Doctor Diary, Day 10: “Please, Cut Us Some Slack Sometimes. We Are Not God.
“No one has paid attention to remain[ing] cautious. It disappoints me,” she says.
A 28-year-old anesthetist working in the OR of a government hospital in Mumbai shares the ups and downs of her days as a doctor amidst the Covid19 pandemic. This is the 10th, and final, installment of a daily diary she shares with The Swaddle.
Morning: Waking from a disturbed sleep I woke up at 8 a.m., from a disturbed sleep again, thanks to the anticipation of a call. I did my morning yoga, then cooked poha for breakfast with my roommates. In the afternoon, my friend went to the I.C.U. And then the two of us who remained made parsi dhansak and rice. I was informed of some cases, but none were taken up for some reason. So, the waiting game began.
Evening: Going to work Around 5 p.m., I went in for a C-section again. This time, I was with a first-year resident. We gave spinal anesthesia, and after the patient was adequately numb to pain, surgery started. This time, I was especially happy with the level and density of anesthesia we achieved, as it lasted the entire duration of the surgery, without complications or the need to sedate or administer other drugs. That hadn’t been happening the last couple of times for some reason.
During the case, I kept checking on the patient with ears on the monitor and eyes on the surgery. I had to help push to get the baby out — it was her third C-section. The baby came all nice and pink. Through the surgery, my resident and I spoke about the postings they have had and also the difficulties some of our colleagues have faced in losing their loved ones to Covid19.
Otherwise, it was uneventful. I came back home, showered and cooked.
Night: Reading Shashi Tharoor After dinner, I spoke to my friend whose grandfather I had helped get admitted. Ajoba is completely fine; he tested negative and got discharged. So that was nice. Then, I video-called a friend, bought a few sarees after some contemplation, and now I’m planning to read Shashi Tharoor and improve my vocabulary.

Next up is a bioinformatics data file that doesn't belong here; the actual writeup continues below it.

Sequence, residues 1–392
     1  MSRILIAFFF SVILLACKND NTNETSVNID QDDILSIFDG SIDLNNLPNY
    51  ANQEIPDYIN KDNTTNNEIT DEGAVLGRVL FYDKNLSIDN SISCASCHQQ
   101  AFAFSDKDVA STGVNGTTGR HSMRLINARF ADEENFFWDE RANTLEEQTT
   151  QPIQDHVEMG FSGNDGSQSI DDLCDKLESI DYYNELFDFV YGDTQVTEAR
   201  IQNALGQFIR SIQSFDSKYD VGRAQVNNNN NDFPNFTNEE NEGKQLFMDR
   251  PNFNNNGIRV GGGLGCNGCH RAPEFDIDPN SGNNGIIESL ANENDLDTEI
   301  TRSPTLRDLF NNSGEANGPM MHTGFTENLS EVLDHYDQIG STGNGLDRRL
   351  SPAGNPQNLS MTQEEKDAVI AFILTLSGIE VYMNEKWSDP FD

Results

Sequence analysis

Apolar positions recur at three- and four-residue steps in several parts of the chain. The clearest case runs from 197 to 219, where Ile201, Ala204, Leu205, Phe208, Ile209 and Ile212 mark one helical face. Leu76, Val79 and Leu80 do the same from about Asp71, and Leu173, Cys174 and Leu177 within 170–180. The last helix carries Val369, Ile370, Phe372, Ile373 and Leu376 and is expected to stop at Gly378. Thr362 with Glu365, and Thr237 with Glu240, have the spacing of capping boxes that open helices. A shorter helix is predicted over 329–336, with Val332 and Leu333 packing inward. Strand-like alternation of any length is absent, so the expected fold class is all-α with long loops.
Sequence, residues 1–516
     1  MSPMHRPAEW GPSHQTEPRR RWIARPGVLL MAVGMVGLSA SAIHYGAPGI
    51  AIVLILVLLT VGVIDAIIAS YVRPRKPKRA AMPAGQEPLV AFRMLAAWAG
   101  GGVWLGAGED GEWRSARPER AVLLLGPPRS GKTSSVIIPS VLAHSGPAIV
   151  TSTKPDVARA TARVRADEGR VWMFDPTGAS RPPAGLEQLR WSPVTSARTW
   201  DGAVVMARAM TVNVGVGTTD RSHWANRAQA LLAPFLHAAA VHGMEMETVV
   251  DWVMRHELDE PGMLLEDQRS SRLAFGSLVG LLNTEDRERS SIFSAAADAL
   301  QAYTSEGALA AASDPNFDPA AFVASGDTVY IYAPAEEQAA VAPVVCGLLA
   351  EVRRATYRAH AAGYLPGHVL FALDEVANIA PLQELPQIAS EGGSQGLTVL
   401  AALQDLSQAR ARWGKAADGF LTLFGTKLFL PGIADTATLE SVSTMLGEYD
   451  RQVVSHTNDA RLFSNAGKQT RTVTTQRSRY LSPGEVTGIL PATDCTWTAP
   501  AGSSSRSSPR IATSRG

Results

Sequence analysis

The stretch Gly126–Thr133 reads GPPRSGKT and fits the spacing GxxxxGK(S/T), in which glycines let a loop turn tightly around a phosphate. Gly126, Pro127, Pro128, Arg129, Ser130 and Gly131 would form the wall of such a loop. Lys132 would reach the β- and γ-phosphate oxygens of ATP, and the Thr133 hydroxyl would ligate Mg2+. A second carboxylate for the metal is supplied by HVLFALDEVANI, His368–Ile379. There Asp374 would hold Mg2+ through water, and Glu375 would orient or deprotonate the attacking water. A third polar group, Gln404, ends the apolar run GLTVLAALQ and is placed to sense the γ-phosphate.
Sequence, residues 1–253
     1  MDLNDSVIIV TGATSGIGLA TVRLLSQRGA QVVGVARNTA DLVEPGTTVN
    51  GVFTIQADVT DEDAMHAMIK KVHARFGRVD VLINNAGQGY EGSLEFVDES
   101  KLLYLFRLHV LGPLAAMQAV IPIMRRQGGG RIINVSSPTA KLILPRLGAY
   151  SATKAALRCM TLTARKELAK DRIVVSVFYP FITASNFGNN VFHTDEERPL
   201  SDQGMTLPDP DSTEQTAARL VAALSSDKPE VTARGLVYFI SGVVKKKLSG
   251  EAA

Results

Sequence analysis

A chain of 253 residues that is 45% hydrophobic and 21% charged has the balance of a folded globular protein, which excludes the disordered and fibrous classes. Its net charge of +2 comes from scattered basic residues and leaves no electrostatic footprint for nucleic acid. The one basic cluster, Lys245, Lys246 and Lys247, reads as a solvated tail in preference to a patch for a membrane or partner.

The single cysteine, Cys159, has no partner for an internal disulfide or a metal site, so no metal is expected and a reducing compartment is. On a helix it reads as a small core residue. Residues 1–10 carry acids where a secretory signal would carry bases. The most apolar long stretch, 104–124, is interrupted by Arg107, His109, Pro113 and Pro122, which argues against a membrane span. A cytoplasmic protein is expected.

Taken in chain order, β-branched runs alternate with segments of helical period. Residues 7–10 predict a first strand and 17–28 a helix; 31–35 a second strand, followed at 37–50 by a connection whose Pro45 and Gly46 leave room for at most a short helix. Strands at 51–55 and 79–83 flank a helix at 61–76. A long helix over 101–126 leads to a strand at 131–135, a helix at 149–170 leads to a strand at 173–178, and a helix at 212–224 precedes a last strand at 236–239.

Rajvi: As this diary ends, can you tell me how you felt about jumping into Covid19 duty right after training ended?
Doctor: I would have liked to do a lot of other things. I wanted this government bond year to be more about life and less about career. I had picked a place that would give me decent exposure, be good on my CV, and give me time to do other things. But that was not to be so.
We had a few mass casualties back in residency, like the Elphinstone stampede, the Lower Parel pub fire. But this is of a scale we have never seen, didn’t imagine, and weren’t prepared for.
But it got us doing things out of our professional zone of experience. I learnt a lot of life lessons. Hopefully, I will come out stronger.
Rajvi: What are these life lessons?
As a doctor, I learnt that I can’t hold myself responsible for things that aren’t in my hands. I learnt to be strong yet empathetic. I learnt that less is more sometimes. Personally, I learnt that life is very short and I absolutely want to grab each moment, not waste a single one on procrastination. I could maybe be a little impulsive, and learn to love and live without regrets.
Rajvi: How are things changing at work? Where do you see this pandemic going?
Doctor: Honestly, I am out of the I.C.U. So I can’t really say. But from what my friend says, it’s about the same. It’s already full, and no beds are vacant. There are always calls to fill in beds that have just been emptied. And mortality is quite high in I.C.U. Patients seem to deteriorate very fast. But on the good side, some of those trial drugs are working for a few patients.
People around me roam around like there’s nothing going on. Sometimes, I see people with masks on their necks. I tell them to please put it back up. But beyond a certain point, people always think they know better and get aggressive. So after a while, you don’t want to.
Things have to get back to normal, but with caution. And no one has paid attention to remaining cautious. It disappoints me.
Rajvi: What do you hope people understood better about being a doctor amidst the pandemic?
Doctor: That we are all normal people. We have a work schedule that’s unpredictable, and more gruelling, but that doesn’t mean we are less human. We also have families and we also need all the love and affection. We have dreams of travelling the world and everything else that everyone does, maybe just not enough time to do all of it. And even if we get to do it, we are not committing a crime by taking days off. So please, cut us some slack sometimes. We are not God.
As told to Rajvi Desai.